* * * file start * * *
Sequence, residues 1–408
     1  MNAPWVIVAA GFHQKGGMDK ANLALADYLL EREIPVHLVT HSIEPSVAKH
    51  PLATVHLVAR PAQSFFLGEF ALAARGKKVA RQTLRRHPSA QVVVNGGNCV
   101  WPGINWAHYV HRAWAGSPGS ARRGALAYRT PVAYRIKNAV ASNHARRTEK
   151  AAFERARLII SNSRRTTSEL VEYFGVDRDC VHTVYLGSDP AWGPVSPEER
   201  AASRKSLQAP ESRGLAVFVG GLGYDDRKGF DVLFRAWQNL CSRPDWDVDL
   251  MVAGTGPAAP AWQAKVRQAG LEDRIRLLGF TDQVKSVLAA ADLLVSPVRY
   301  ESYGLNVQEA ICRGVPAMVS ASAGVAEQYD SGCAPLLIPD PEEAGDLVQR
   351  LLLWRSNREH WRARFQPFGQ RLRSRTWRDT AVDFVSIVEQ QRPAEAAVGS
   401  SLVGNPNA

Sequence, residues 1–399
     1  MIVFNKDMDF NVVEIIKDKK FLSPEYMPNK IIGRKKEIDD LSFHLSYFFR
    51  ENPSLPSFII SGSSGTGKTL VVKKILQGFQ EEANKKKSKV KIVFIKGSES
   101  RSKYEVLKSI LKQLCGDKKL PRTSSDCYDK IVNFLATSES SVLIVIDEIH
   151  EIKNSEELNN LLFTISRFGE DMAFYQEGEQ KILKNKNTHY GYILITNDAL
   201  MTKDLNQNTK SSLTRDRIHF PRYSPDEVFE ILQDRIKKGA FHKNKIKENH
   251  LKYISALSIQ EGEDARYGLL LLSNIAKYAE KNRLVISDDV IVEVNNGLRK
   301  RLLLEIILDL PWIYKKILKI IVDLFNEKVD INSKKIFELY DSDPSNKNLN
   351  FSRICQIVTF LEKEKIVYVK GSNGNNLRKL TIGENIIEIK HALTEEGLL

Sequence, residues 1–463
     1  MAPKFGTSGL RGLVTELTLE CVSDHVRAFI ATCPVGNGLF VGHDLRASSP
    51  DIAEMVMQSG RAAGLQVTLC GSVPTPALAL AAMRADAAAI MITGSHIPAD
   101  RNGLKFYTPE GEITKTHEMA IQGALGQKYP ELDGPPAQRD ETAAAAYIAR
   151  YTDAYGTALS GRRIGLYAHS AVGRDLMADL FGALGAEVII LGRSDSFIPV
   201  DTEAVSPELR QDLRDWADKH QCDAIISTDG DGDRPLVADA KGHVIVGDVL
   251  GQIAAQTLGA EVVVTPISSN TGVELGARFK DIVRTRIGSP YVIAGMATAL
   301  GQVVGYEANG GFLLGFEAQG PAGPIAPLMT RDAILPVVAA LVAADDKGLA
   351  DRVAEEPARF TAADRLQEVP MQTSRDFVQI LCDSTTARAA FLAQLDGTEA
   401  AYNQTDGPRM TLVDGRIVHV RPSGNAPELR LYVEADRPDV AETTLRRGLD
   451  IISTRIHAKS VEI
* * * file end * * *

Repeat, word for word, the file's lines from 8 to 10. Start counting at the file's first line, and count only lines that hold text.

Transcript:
   301  ESYGLNVQEA ICRGVPAMVS ASAGVAEQYD SGCAPLLIPD PEEAGDLVQR
   351  LLLWRSNREH WRARFQPFGQ RLRSRTWRDT AVDFVSIVEQ QRPAEAAVGS
   401  SLVGNPNA